An organization that works toward ending poverty and achieving a better world has recognized a young Mennonite Central Committee (MCC) Alberta employee for the reconciliation work she does with indigenous peoples.

The Alberta Council for Global Cooperation named Allison Goerzen to its annual Top 30 Under 30 list of young people who are creating a more just and sustainable world. The 2017 list was announced at the beginning of February in a special magazine the Council published.

Bringing courage and hope to Burundi

Jackson Nahayo started a clinic in the East African country of Burundi that helps thousands of people. (Photo by Aaron Epp)

The Ubuntu Medical Clinic is a 32-bed hospital that also includes supporting agriculture projects. (Photo courtesy of Jackson Nahayo)

The staff at the clinic includes three medical doctors, one midwife, two lab technicians and 13 registered nurses. (Photo courtesy of Jackson Nahayo)

Jackson Nahayo knows a thing or two about turning tragedy into triumph.

Left for dead as a child in the jungles of his native Burundi by the rebel soldiers who kidnapped him, he eventually made his way to Canada. After receiving his education, he returned to the East African country from which he hails to start a community hospital.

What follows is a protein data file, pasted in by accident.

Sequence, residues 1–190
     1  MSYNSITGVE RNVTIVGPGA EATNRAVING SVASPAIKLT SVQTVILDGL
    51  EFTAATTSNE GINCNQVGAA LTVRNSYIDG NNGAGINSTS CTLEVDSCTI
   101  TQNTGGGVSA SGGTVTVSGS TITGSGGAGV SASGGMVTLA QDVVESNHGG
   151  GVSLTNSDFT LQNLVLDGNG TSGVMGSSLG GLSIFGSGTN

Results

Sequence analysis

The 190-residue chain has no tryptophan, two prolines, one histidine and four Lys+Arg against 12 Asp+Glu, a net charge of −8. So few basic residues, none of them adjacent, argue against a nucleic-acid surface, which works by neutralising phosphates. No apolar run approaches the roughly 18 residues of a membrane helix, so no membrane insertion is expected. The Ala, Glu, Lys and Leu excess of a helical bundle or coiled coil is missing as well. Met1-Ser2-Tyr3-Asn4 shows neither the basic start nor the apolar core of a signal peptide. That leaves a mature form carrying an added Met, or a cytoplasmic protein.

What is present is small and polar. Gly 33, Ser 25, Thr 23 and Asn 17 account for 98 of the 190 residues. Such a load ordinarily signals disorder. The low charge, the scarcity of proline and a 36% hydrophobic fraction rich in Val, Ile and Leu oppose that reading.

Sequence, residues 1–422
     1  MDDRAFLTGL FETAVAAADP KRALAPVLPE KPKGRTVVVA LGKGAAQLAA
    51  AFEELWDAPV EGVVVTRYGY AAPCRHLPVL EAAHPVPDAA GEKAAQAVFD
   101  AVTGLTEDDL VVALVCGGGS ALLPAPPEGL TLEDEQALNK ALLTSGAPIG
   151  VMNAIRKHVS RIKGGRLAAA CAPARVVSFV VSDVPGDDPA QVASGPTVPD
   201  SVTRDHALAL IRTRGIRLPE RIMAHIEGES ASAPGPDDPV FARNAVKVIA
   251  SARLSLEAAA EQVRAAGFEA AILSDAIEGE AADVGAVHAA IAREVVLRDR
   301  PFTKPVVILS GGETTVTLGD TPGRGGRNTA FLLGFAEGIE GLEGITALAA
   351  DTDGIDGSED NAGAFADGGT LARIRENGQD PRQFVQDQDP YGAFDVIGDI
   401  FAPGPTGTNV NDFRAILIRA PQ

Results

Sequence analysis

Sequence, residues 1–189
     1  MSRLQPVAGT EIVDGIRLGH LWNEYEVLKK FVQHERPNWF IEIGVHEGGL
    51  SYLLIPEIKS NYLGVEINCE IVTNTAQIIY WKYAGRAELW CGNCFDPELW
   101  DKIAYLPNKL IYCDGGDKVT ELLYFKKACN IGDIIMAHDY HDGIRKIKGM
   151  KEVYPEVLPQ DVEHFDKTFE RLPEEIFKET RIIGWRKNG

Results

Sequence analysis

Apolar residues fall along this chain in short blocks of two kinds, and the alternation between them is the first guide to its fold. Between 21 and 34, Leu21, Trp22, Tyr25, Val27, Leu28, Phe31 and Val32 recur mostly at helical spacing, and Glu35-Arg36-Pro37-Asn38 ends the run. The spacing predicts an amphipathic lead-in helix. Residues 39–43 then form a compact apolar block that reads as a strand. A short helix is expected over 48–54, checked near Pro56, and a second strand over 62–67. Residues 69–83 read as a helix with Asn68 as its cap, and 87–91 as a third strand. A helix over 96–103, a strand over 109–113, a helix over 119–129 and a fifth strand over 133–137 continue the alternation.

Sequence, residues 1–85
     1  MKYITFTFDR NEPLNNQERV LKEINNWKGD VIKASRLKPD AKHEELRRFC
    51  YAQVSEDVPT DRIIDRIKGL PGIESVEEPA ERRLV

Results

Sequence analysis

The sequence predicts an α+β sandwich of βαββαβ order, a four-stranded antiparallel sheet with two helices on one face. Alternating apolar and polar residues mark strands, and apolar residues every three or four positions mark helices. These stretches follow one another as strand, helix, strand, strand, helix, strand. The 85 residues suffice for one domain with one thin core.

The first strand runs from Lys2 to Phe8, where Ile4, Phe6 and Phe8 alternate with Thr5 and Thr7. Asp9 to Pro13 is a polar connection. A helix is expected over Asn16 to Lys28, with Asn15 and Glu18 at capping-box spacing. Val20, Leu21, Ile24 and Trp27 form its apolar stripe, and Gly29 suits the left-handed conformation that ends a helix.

“When I came back [to Burundi] . . . I asked myself, ‘How can I help with issues like malaria? How can I bring courage and hope?’ Because no one was doing anything,” he says.

Songs about growing up, climate change and empowerment

Zach Rempel and Nathaniel De Avila recorded parts of Rosebud’s debut album at Sargent Avenue Mennonite Church in Winnipeg. (Photo by Aaron Epp)

Zach Rempel wrote the 11 songs on Night after travelling abroad for a year.

Jamison Isaak came up with the Teen Daze moniker while studying at Columbia Bible College. (Photo by Sharalee Prang)

Themes for Dying Earth marks Teen Daze’s return to ambient electronic music.

Alexa Dirks released her solo debut as Begonia this month. (Photo by Adam Kelly)

Alexa Dirks released her solo debut as Begonia this month. (Photo by Brittany Deck)

Alexa Dirks co-produced Lady in Mind with two members of acclaimed experimental pop sextet Royal Canoe.

In the last issue of Canadian Mennonite, we introduced you to Sparky and the Plugs, a bluegrass quartet from the Saskatoon area that got its start playing music in church. Read about three more music acts with Mennonite roots who have new albums out.

Rosebud

You guessed it. Winnipeg music duo Rosebud takes its name from the sled belonging to the titular character in Orson Welles’ classic 1941 film, Citizen Kane.